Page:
Anyone who has prepped – or is prepping now – for the GMAT knows that every little edge counts. We’d recently been boning up on our Mozart (knowledge, not performance) and came across a little gilt-edged nugget called The Mozart Effect. Popularized in the nineties, the Mozart Effect spoke to the increases in spatial-temporal reasoning ability witnessed in research subjects immediately after listening to a Mozart sonata* (guess which one? answer at bottom). More importantly, the Mozart Effect is the reason so many “sophisticated” and/or New Age parents find themselves playing classical music for children still trapped in the womb and therefore unable to voice their own musical preferences.
Overlooking the fact the 8-9 point increase on the spatial reasoning portion of the Stanford-Binet Intelligence Scale was completely temporary (the boost lasted about 10-15 minutes), and also overlooking the fact that all subsequent attempts at replication of the experiment (except one done by the original researchers) failed to reproduce the reported increases of the original, we thought, “Well, everyone loves music. It’s inspiring, it’s motivational, it’s calming, so let’s publish playlists of GMAT tunes that could help students get excited, get ahead, and get their prep groove on.” Besides, the GMAT does require some spatial-temporal reasoning beyond simply navigating your way through the pat-down and to your seat.
To get the most of this list, or ones you create for yourself, here are a few tips to use them most effectively:
1) Music is Pre-prep, not Prep-prep — we’re using music to get us in the right state of mind to get things done on the test. Since we can’t listen to music during the test (sorry, that heavy-breather with the deviated septum in the cubbie next to yours doesn’t qualify as music), we shouldn’t listen to music when we prep. It would provide a crutch that may prove harmful when they take it away at test time. Use the music to get you in the mood, then get the job done without it. Speaking of getting in the mood…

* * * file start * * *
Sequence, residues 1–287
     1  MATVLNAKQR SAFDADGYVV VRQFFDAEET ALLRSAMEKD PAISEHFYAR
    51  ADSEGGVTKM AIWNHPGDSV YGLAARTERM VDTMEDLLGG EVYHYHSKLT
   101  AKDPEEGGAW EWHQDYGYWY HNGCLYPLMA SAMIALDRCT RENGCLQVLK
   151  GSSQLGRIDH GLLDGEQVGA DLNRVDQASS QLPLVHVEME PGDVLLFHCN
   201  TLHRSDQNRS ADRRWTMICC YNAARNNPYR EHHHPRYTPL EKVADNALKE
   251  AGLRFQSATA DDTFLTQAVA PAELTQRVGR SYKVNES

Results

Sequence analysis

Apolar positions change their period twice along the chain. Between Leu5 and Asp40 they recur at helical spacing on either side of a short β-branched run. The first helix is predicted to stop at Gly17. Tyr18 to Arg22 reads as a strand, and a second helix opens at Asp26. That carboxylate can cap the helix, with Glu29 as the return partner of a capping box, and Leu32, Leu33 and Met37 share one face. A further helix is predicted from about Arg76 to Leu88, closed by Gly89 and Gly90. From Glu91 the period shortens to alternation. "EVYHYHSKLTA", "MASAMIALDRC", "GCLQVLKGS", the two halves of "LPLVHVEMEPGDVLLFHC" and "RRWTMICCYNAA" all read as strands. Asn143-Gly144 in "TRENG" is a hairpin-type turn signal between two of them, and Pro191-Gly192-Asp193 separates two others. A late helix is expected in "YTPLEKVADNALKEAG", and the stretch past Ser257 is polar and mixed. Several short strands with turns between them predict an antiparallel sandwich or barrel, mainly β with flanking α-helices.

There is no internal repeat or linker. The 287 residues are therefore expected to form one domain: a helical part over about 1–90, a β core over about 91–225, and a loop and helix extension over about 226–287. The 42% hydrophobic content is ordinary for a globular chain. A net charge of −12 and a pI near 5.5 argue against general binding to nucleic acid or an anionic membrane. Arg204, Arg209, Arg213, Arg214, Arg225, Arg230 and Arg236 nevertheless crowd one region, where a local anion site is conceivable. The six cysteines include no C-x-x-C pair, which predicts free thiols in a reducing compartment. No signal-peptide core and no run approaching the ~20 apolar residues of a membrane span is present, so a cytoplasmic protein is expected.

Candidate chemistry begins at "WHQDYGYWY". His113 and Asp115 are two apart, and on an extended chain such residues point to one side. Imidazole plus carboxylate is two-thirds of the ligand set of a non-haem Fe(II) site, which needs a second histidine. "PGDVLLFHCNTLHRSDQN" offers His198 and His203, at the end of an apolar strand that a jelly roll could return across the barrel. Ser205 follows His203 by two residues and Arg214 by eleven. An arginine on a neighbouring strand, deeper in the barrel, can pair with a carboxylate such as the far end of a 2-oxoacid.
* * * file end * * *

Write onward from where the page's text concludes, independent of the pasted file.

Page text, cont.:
2) Get in the Habit — The music, if you use it, should act as a sort of trigger that tells your brain, “okay, it’s time to (insert relevant verb here).” It can’t be a trigger if the association isn’t consistently reenforced until its borderline (obsessive) compulsive. If you use it only occasionally before your prep, or if you use that particular playlist to also get your high-intensity ShakeWeight workout on in your basement, then the association between playlist and GMAT power-prepping is weakened. Don’t do that. No, seriously. Don’t.
3) Have fun with it — You may think the playlist below is terrible (several people in the office told me my original, proposed playlist was). That’s fine. It’s your playlist. The GMAT and GMAT preparation can be tedious enough as is. Don’t let someone talk you into Arcade Fire simply because a bunch of Hipsters swear Arcade Fire is the second coming of God’s Gospel Chorus, Elvis, and whoever those guys are that did the nifty music for the Geico caveman commercials all rolled into one. You’ll hate that person less if you don’t listen to them (oddly enough, same thing goes for that annoying friend who didn’t prep, walked out with a first-time GMAT score of 750, then didn’t apply to business school).
With out further ado, and in no particular order, we present the Sound(s) of GMAT Playlists, Pt I by Bell Curves…
Sounds(s) of GMAT Playlist: The 2008 Presidential Campaign Barack Obama List
Few orators have engendered more goosebumps or inspired more hope than President Obama during that magical run in 2008. While the President’s ratings have taken nearly as big a hit as the housing market has since then, this list will keep you flying high and feeling invincible as you prepare to do battle with the GMAT.
1. You Get What You Give (New Radicals) – They may have been a one-hit wonder, but who wasn’t listening to this jam during the heady days of ’98? Besides, we can only be so lucky to be one-hit-GMAT-wonders.